Trekking Without God

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Let's talk about religion in the latest Star Trek movie: There isn't any.

I know that some longtime fans complain about non-conforming details in J.J. Abrams's reboot of the original series. The hormones of human-Vulcan hybrids, for instance, apparently operate more on a human clock (no ponn farr). And the Federation seemed a bit more gun-happy even in the first Abrams movie than in Gene Roddenberry's original vision.

But there are lots of ways where Abrams has toed the line. Religion is surely one of those.

Mild spoiler alert: I'll not give away much more than I've seen in other reviews, but if you're the sort who wants to know nothing about a movie before you see it, come back when you're done.

And here's my two-paragraph review: Star Trek: Into Darkness is a wonderful Star Trek movie in much the same way that Skyfall was a wonderful James Bond movie. (Which is not exactly the same as saying either is a wonderful movie.) Both are faithful, but not slavishly so, to their characters' histories, make just enough sense to be fun, and include a lawn-full of Easter eggs for longtime fans to spot and smile about.

So we get a tribble and "I'm a doctor, not a..." and the original musical theme and other references that have not much to do with the story. And more than a few familiar elements that are central to the story but I can't discuss without spoiling things. Well worth the popcorn. See it on the biggest screen with the best sound system you can find.

But what you don't have is anything remotely like a whiff of religion. You might think that's because the plot zips along at, ahem, warp speed and there really wasn't room for anything about faith. But there were at least four places where the lack of even the faint aroma of metaphysics was notable.

Two people die in the movie up close and personal. One dies in Spock's arms, as he does a Vulcan mind-meld. Which Spock recounts later. The second death happens with the dying man giving what amounts to a play-by-play about what he's feeling up until moments before he passes.

What do we get? Fear and anger and confusion and friendship. But not a word about the hereafter or even any wondering about it.

I'm really not going to spoil anything by telling you the second death is followed by a literal resurrection. That particular plot line is so obvious it should be on the billboards. And the character was dead. Not in a coma or stasis or suspended animation. Dead as the no-doornails on the Enterprise sliding entries.

When he wakes up, does he talk about his trip to the light or meeting his father or making contact with the transcendent? He does not. Not a word.

None of this is an accident. The original Star Trek series was about as devoid of religious references as your average strip club. Only the most devoted Trekker can identify even a handful of obscure nods to even the existence of religion in that universe.

Roddenberry, whose vision drove the project, was a secular humanist who had little patience for organized religion. Among his relevant quotes is this one:

"We must question the story logic of having an all-knowing all-powerful God, who creates faulty humans, and then blames them for his own mistakes."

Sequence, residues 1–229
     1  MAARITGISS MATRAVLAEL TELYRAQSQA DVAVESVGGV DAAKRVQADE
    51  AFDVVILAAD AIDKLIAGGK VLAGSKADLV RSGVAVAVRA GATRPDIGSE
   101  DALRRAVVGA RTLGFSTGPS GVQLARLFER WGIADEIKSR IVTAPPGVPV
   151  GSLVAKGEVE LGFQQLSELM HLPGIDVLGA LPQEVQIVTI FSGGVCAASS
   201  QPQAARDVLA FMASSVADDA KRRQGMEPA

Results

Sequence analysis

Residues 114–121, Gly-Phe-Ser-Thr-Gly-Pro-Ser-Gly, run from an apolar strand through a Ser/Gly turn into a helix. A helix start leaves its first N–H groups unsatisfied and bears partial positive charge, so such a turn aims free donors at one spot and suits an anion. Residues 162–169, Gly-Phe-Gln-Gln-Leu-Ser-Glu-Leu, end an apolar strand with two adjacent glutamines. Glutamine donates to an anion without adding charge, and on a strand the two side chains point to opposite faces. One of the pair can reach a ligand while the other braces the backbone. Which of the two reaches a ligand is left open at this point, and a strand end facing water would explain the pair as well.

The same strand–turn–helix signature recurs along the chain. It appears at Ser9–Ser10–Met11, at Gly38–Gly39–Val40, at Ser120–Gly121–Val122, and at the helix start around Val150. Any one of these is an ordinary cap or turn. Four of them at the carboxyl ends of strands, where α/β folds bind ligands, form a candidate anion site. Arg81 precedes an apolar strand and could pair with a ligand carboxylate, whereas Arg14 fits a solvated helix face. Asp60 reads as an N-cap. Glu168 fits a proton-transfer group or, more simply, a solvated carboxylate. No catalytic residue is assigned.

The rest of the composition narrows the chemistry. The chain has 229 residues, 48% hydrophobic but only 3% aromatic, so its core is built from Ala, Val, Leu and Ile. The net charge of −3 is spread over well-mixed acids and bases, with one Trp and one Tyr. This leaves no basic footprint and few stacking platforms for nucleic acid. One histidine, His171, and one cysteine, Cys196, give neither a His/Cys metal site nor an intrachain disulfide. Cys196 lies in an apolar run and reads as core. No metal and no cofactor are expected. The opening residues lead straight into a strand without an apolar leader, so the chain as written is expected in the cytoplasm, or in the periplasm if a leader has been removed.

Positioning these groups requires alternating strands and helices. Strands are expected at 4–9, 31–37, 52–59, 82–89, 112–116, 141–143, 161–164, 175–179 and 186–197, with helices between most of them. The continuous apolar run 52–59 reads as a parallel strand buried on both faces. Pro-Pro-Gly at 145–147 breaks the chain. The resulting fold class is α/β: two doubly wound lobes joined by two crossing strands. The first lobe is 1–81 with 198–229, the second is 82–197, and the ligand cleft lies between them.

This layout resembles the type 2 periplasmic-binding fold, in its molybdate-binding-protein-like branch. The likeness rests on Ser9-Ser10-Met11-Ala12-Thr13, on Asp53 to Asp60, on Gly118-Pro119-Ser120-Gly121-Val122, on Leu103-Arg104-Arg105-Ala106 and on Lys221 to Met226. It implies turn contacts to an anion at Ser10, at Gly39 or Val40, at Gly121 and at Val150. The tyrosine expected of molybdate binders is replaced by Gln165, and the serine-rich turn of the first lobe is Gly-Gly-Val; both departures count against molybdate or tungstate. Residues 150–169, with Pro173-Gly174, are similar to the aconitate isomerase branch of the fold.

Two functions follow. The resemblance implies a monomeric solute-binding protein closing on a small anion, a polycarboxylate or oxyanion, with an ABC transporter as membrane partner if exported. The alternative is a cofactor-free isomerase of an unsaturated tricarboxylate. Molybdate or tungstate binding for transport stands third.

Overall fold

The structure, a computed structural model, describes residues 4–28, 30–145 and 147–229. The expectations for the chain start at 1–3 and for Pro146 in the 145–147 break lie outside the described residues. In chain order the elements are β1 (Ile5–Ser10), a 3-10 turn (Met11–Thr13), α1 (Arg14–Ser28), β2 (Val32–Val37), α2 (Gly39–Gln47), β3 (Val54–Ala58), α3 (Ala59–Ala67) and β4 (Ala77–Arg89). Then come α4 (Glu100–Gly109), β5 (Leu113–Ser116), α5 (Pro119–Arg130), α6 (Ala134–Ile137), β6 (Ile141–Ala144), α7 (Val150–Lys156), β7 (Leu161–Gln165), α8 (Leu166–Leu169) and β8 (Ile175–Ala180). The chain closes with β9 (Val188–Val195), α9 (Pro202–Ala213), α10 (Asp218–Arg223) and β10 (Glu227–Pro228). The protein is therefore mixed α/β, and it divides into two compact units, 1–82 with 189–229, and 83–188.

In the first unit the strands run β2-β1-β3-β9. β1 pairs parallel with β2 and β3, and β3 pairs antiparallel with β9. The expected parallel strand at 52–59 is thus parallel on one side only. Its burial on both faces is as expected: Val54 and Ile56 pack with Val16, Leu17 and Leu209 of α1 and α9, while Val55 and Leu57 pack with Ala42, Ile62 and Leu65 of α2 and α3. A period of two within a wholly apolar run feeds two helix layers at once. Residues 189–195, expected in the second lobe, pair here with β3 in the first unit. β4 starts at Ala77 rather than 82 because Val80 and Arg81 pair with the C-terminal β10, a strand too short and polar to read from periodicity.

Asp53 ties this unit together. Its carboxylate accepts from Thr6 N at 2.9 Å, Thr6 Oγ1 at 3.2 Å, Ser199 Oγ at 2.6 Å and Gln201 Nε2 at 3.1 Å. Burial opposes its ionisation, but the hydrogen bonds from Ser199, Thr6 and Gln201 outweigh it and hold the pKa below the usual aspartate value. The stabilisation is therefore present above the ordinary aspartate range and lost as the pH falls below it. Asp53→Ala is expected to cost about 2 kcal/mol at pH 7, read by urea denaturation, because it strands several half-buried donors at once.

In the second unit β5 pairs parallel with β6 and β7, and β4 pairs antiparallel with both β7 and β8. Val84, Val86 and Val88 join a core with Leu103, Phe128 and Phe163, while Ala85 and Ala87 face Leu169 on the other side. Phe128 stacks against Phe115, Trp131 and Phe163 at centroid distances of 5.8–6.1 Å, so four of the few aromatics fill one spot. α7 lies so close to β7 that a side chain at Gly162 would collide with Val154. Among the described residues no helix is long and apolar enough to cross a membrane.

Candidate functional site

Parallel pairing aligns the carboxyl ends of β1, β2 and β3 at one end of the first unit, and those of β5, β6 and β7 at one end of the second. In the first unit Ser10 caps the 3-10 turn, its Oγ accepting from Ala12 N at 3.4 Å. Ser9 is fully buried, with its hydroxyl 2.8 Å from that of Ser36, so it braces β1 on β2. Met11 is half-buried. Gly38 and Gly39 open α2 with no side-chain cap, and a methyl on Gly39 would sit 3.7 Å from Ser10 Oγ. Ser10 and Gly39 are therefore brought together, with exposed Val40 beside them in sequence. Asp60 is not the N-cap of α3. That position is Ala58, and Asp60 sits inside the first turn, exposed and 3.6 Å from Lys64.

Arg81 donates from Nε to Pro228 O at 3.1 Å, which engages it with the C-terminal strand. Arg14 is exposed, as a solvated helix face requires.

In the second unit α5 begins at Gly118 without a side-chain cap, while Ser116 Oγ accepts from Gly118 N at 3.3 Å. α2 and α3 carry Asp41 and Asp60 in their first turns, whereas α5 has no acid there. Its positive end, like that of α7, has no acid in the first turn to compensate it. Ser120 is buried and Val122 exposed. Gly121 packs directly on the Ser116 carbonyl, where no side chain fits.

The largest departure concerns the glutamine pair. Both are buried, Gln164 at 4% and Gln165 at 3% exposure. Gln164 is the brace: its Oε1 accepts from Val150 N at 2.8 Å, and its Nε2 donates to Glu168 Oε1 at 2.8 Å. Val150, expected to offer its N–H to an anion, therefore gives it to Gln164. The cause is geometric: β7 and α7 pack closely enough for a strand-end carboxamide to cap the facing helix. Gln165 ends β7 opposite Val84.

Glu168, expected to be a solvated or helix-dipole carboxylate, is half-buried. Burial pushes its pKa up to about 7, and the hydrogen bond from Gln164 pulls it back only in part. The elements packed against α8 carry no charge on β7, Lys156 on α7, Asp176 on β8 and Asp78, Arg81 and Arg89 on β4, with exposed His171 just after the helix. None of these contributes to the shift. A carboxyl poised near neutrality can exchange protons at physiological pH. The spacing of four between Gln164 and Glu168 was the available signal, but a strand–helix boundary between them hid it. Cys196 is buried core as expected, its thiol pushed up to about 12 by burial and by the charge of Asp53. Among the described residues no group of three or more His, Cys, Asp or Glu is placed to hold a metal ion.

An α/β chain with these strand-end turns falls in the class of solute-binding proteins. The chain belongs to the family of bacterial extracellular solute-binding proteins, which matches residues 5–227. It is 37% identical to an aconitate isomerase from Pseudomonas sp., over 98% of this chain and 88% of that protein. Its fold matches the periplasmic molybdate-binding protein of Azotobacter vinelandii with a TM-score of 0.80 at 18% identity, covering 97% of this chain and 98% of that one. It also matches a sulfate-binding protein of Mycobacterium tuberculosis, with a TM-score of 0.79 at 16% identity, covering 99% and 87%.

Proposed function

So his subcreation that had so much room for finding ways to accommodate racial and cultural diversity had almost nothing to say about religion.

That was still mostly true for the later iterations of the Star Trek saga. Even the mysterious Prophets of Deep Space 9 seemed more tied to science that the supernatural. More resonant with Clarke's Third Law than anything from, say, Genesis or the Bhagavad Gita.

When Abrams restarted the franchise in 2009, he was utterly faithful to this guiding principal: If there are Christians, Jews, Jains, Hindus or any other adherents of organized religion in the 23rd century, they were invisible to the cameras.

Ditto for this film. There's one character who has a name that in 2013 would be a clue that he belonged to a particular faith. But there's nothing in this movie or any of the other canonical versions of the character to suggest there's anything religious attached.

The final place where Abrams could well have inserted at least a nod to religion is almost at the end. The good guys have won. (I hope that's not a spoiler.) And there's a ceremony that is both a memorial service and a rechristening of the repaired Enterprise.

Don't get your tunic in a tangle about the word "rechristening," which is actually said in the film. In context, the usage was about as religious as an "Enterprise" ornament for a Christmas tree. And where today this sort of ceremony would surely have made room for a prayer, instead we get a slightly tweaked version of the most sacred text in the Roddenberry canon:

"Space, the final frontier. These are the voyages of the starship Enterprise. Her five-year mission: to explore strange new worlds, to seek out new life and new civilizations, to boldly go where no one has gone before."

The dilithium crystals that provide the power of the passage are all packed into that wonderful split infinitive: "To boldly go."

If Roddenberry believed in anything, and he surely did, it was in the ability of humans to succeed and thrive and achieve by going boldly. Religion, he thought, was not a bit necessary. Thus far in his Trekking, Abrams seems content to agree.

Jeffrey Weiss is a Dallas-based religion writer. Follow him on Twitter @WeissFaithWrite.

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